It was at Ephesus, that Luke first heard in full the story of the Annunciation. Simply as a child he sat one evening in the home of John, the Apostle, and listened with rapt attention to the story indescribably beautiful -- as told by Mary, the Mother of God. The Mother's voice was soft, like the drone of a spinning-wheel, sweet and musical, like a singing brook in a deep wood. A single candle flickered in the darkness. The surpassingly beautiful countenance of God's dear Mother shone with a white splendor through the gloom.
As the enthralling tale proceeded, Luke raised his hand to shield his eyes from the candle-light. Another instant and he felt his surroundings slipping slowly, surely from him. The Mother's story continued. Her voice sounded Clear, distinct, unmistakable in his ears. But Luke, somehow, in some way unknown, is at Nazareth, within the very room of the Annunciation. The years have rolled back upon themselves. The past has grown into the present. Story becomes actuality.
It is not quite dawn of a chilly Spring morning. A weary and wanly, pale moon hangs low in the west, ready to slip below the horizon when first occasion offers. One by one the stars are quenching their flickering light; a few, only, burn out with never a quiver, instantly. The Morning Star, beautifully poised over the eastern hills, radiates its brilliancy.
Within a tiny room, a girl of simple, surpassing beauty kneels in absorbed prayer to God. Her head is bowed slightly forward; her body held gracefully erect and with no suggestion of strain; her hands, white, like the wings of it dove folded in repose upon her breast.
On and on she prays. The moon, while the world is rubbing its eyes in the half darkness, steals away to his couch under the western hills; the Morning Star, weary at last of striving single-handedly against the approaching day, snuffs out its light and retires. The little room brightens, as the dawn comes creeping into the sky over the purple hills in the east. Still on and on goes the prayer of the maiden. Scarcely does she seem to breathe-so rapt her devotion-as on she prays.
Then just as the matchless glow of the rising sun is bursting magnificently into view above the horizon, the little room is filled with a splendor not of earth. But the maiden looks not up. On she prays, silently, rapturously, even as before. The splendor grows-a dense, dazzling cloud that permeates the room, filling every nook and corner and crevice with its golden glory. Denser, more dazzling, more golden it becomes with the passing moments until just when it seems that human eyes can no longer endure the beholding, it dissolves lightly, and a Being, beautiful as the sons of men can never be, glorious beyond the grandeur of the most gorgeous setting sun, steps forth from its midst and with reverence addresses the maid at prayer.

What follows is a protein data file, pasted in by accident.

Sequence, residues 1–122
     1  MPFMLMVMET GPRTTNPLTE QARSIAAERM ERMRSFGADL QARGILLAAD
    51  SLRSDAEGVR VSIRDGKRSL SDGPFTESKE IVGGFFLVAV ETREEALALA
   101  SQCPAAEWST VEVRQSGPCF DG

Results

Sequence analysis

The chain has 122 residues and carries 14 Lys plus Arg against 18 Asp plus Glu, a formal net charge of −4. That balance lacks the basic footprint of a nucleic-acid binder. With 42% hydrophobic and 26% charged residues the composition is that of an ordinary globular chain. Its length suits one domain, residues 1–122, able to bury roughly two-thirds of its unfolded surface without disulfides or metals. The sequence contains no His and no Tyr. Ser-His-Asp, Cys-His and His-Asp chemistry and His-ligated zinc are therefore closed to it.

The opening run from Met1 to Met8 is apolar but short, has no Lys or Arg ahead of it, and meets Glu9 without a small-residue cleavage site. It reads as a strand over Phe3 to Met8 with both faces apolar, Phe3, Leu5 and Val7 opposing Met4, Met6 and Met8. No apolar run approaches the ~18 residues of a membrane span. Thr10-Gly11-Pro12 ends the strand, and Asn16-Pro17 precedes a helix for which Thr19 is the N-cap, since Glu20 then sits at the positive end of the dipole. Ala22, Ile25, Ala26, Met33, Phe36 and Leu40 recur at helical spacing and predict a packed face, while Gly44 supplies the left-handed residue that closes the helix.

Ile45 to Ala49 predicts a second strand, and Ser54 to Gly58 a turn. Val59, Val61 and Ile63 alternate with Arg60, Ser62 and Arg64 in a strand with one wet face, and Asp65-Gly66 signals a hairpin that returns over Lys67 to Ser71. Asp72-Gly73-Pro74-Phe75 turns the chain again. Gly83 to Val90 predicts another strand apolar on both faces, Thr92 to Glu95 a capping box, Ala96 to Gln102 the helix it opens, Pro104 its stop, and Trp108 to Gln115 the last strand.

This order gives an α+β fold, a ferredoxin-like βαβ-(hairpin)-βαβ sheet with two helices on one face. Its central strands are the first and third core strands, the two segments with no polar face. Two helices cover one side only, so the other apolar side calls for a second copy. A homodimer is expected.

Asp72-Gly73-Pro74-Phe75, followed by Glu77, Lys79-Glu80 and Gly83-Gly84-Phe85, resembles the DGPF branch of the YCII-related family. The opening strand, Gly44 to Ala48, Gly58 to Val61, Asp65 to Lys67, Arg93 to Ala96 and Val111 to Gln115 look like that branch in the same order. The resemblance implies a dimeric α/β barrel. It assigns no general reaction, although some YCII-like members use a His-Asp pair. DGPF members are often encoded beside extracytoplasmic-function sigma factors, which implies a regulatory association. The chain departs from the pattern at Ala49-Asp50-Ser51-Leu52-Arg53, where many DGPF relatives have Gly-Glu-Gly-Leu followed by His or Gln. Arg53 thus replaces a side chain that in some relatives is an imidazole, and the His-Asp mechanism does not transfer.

"Hail, full of grace!" He says. "The Lord is with thee: blessed art thou among women."
There is humility in his voice, there is awe, there is a ring of victory, as if the simple maid before him were a queen, indeed, and he her courier faithful.
But the maid's downcast eyes remain modestly downcast. A cloud, as of doubt, of apprehension, sweeps across her brow for a moment. Does she fear words of vain flattery or the possibility of deception? If so, the gorgeous visitor is quick to reassure her "Fear not, Mary," he continues, and his voice rings, like a silver bell, with its note of victory, "for thou hast found grace with God. Behold thou shalt conceive in thy womb, and shalt bring forth a Son; and thou shalt call His name Jesus."
The words fall like a shower of gold at the maid's feet yet she looks not up.
The Angel continues:
"He shall be great, and shall be called the Son of the Most High, and the Lord God shall give unto Him the throne of David His father and He shall reign in the house of Jacob forever. And of His kingdom there shalt be no end."
The cloud that had ruffled the maid's brow passes now. But not yet is she fully content. At last, and with never a trace of curiosity in her gaze, she raises her eyes. A heavenly blue they are, like the azure sky and the sun-lit sea; depth too, from much gazing into the face of God, and pure, like a field of lilies washed by a gentle rain. Quietly she fixes them full upon the Angel.
"How shalt this be done?" she asks, simply like a child, pointedly, like a sage. "For I know not man."
Again her eyes seek their modest retirement.
With a ring as of final triumph in his voice, the Angel gives his reply:
"The Holy Ghost shalt come upon thee, and the power of the Most High shall overshadow thee. And therefore also, the Holy which shall be born of thee shall be called the Son of God."
The last barrier removed, the maid's acquiescence is complete. Beautiful to behold is her surrender. With low-bowed head and voice that quivers like a delicate bow from which an arrow has been sped, she gives her unconditioned acceptance of the Heaven-sent message.
"Behold the handmaid of the Lord," she says. "Be it done to me according to thy word."
Luke opened his eyes. He was back at Ephesus in the home of John, the Apostle. The Mother sat before him in the flickering light. She had just finished her story. With affection she looked upon Luke and asked in a tone that was the Mother's only: "God is wondrous kind to mortal man, is he not, my son?"
Full of emotion Luke could only nod his answer. A signal sounded from a nearby room. It was the summons to evening prayer. The Mother rose silently to go. Slowly Luke followed, snuffing out the flickering candle as he passed.